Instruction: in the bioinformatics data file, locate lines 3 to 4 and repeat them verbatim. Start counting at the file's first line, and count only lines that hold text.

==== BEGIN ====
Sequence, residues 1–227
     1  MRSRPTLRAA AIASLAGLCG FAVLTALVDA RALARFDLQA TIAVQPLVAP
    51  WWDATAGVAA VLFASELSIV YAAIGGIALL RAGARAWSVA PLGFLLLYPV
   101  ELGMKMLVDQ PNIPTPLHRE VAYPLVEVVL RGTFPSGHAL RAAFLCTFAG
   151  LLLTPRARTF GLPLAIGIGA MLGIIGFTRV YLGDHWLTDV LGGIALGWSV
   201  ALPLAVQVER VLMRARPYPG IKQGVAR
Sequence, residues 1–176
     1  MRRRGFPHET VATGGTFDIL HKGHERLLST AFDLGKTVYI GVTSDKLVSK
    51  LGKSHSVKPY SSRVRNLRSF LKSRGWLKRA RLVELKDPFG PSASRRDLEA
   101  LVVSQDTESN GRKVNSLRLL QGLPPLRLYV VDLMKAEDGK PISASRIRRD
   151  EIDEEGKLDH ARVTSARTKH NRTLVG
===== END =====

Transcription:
    51  WWDATAGVAA VLFASELSIV YAAIGGIALL RAGARAWSVA PLGFLLLYPV
   101  ELGMKMLVDQ PNIPTPLHRE VAYPLVEVVL RGTFPSGHAL RAAFLCTFAG